BALTIMORE -- The Orioles continued to prioritize pitching when it comes to their top selection in the MLB Draft on Monday night, selecting a pitcher first for the third consecutive year with No. 11 overall pick Grayson Rodriguez.
Baltimore used its competitive balance pick, No. 37 overall, on Oregon State shortstop Cadyn Grenier.
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"He's got a big strong durable body, has an advanced delivery. is a unique combination of power and polish," Orioles director of scouting Gary Rajsich said of the 18-year-old Rodriguez, who was the club's focus going in.
"He was a consistent performer, he held up very well. He was consensus pick for us in the first round. We all loved him, just thrilled he was there for us at pick 11."
Rodriguez, like last year's selection DL Hall, is a high school arm as the 6-foot-5 right-hander hails from Central Heights High School(Nacogdoches) in Texas. There, he led Central Heights to the state 3-A title as a two-way star in 2017, then he consistently worked in the low 90s on the showcase circuit.
But where Rodriguez's stock really skyrocketed was this spring as he got into better physical shape and overhauled his composition. He added 25 pounds of muscle and saw his stuff get better as a result, with his fastball clocked as high as 98 mph.
"Whenever we started our throwing programs, the ball just felt different coming out of my hand," said Rodriguez, who went 14-1 with a 0.38 ERA and 178 strikeouts and was named the Texas Sports Writers Association (TSWA) Player of the Year.
"It was just jumping out of my hand, it felt like half the effort it did before to throw it where I wanted to. Every time I threw a fastball, I could hear it, I could hear it right before it hit the mitt."
Rodriguez, who got a personal trainer that he worked with from September until baseball started in January, said the feeling being selected on Monday was amazing.
"It was almost like my heart stopped," Rodriguez said.
According to MLB Pipeline -- which ranked Rodriguez at No. 22 coming into Monday's Draft -- he has an array of promising secondary pitches, with most scouts preferring his low-80s slider to his mid-70s curveball. He also has a rarely used changeup that will need to be developed more.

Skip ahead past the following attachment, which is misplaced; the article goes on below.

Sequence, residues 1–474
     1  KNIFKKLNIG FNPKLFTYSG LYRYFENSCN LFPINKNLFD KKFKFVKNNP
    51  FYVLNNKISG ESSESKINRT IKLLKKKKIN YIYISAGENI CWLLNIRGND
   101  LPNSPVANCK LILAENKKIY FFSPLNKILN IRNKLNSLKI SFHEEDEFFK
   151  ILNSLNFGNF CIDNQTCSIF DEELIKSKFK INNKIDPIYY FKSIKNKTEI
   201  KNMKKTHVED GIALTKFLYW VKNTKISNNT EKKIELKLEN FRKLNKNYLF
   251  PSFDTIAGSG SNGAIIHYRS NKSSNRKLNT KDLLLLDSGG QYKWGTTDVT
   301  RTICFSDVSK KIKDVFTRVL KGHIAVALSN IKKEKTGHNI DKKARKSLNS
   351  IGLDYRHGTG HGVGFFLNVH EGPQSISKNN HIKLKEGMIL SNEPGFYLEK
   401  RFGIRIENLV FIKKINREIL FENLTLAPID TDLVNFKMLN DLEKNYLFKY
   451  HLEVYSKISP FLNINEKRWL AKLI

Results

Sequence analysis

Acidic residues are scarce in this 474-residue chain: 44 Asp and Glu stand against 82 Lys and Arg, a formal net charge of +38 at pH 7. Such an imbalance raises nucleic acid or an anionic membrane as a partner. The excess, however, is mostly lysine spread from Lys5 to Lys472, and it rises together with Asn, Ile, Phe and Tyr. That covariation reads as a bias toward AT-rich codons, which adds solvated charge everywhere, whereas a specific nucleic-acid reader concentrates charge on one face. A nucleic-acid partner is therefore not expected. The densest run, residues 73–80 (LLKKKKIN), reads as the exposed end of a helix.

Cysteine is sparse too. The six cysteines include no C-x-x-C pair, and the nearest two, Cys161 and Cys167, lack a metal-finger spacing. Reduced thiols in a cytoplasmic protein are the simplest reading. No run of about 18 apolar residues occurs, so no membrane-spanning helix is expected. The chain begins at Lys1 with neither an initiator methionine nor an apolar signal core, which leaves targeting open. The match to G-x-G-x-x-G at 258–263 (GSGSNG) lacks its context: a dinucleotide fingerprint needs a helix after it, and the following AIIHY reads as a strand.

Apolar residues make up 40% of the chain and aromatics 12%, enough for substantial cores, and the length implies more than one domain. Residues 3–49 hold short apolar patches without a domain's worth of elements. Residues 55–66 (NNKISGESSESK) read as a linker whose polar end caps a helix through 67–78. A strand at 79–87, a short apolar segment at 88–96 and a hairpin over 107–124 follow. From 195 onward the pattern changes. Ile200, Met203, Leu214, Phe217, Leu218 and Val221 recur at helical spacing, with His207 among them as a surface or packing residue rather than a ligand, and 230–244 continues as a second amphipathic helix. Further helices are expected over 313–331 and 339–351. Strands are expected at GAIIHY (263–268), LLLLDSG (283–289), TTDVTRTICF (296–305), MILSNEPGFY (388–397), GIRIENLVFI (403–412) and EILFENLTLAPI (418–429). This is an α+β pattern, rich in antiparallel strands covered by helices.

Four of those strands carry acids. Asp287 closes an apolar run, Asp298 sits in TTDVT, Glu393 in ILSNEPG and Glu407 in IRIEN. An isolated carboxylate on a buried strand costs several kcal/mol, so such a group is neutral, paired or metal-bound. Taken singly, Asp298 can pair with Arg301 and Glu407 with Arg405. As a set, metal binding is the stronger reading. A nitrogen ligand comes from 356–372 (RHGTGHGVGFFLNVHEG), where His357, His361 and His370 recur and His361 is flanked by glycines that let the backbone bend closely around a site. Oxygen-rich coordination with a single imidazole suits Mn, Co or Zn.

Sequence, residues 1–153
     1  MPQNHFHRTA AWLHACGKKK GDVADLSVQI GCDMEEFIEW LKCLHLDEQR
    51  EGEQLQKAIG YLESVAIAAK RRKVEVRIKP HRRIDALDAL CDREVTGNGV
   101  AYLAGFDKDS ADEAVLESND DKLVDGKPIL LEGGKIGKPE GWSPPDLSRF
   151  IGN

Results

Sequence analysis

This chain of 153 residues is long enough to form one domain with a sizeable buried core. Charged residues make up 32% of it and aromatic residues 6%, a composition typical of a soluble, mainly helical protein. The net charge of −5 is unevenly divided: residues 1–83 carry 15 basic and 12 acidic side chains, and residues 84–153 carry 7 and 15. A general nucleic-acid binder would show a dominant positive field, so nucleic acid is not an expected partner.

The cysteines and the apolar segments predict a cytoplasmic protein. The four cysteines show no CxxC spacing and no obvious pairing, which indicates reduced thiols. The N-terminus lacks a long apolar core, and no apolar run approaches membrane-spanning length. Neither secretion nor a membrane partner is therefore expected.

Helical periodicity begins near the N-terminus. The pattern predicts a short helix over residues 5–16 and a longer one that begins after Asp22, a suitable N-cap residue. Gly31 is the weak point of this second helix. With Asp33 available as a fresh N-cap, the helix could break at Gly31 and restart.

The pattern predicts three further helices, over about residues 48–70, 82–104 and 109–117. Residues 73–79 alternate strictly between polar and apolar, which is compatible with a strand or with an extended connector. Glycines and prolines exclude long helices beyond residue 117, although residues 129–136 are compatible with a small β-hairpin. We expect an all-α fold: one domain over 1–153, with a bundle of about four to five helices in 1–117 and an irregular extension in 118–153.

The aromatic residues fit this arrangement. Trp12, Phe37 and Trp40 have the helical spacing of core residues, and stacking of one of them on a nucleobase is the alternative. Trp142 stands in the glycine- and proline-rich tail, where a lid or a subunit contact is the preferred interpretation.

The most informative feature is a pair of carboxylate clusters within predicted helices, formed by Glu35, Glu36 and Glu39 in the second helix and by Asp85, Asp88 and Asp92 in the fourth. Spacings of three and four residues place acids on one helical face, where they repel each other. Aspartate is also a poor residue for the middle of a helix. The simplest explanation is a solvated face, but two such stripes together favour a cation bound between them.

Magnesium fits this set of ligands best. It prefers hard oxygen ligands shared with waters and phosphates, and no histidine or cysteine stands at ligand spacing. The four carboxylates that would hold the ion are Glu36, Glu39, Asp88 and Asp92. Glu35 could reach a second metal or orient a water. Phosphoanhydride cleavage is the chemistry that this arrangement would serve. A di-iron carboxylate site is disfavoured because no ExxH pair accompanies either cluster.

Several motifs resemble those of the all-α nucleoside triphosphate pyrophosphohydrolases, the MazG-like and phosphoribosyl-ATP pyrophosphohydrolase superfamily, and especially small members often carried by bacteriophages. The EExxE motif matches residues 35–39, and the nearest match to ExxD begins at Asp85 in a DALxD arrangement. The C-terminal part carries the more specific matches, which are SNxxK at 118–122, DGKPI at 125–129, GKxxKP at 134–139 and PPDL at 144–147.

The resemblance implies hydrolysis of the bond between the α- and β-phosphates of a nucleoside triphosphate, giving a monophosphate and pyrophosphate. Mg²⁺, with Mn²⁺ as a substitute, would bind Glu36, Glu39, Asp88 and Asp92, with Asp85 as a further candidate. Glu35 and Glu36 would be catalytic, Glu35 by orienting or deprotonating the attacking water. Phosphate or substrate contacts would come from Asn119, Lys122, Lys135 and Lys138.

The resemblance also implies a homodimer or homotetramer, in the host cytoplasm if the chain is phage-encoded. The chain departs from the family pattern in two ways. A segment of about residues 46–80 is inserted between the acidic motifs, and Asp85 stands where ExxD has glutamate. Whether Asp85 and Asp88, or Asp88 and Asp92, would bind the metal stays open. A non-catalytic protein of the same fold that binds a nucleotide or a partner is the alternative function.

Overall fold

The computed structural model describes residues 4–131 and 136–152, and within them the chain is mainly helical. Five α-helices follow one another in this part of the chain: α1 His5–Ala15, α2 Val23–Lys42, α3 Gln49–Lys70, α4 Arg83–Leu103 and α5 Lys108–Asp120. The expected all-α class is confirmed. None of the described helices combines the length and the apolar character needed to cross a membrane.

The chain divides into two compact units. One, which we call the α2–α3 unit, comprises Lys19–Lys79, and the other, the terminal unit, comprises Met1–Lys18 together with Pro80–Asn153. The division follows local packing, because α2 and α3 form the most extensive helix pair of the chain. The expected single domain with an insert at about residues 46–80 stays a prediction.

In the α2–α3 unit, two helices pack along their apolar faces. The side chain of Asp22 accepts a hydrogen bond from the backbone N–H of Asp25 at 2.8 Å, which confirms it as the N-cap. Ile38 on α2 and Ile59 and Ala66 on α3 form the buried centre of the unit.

"We love the competitor in him, we like the way he handles it," Rajsich said, reiterating that Rodriguez was the O's target despite more polished, big league-ready players on the board. "He's got poise and composure on the mound. We like the compete factor."
Grenier, a three-year starter with the Beavers, has established himself as one of best defensive shortstops in the college game. There's no doubt he can stay at the premium position long term, with an outstanding internal clock, good hands, above-average speed to give him excellent range and more than enough arm to make throws from anywhere on the infield.
How his bat will play more of a question for Grenier, a right-handed hitter who batted .328/.415/.478 with 60 runs, 16 doubles, 5 HRs, 44 RBIs and 8 steals in 58 games for the Beavers.
"It's awesome. Obviously for all of us that want to be big league baseball players, this is the first step ... it's what I wanted from the time I stepped on campus here," said Grenier, who did not sign when selected by St. Louis in the 21st round of the 2015 Draft. "I'm really, really excited, ready to finish up this year and see what the future holds."
Grenier, who is from the same high school (Gorman High School) as current Oriole Joey Rickard, said he expects to start his pro career this time around and called being drafted "a weight lifted" off of his shoulders. Now, he can go out and have fun.
"Somebody thought I was good enough to take this pick," Grenier said, "And now I'm going to go out there and prove them right."
Grenier -- a Henderson, Nev., native who was watching the Stanley Cup Finals when he got selected -- joins a group of teammates who also went in Monday's first round. The White Sox selected Nick Madrigal fourth overall and the Twins took Trevor Larnach with the 20th pick.
The Draft continues on Tuesday with Rounds 3-10. The MLB.com preview show begins at 12:30 p.m. ET, with exclusive coverage beginning at 1 p.m. ET.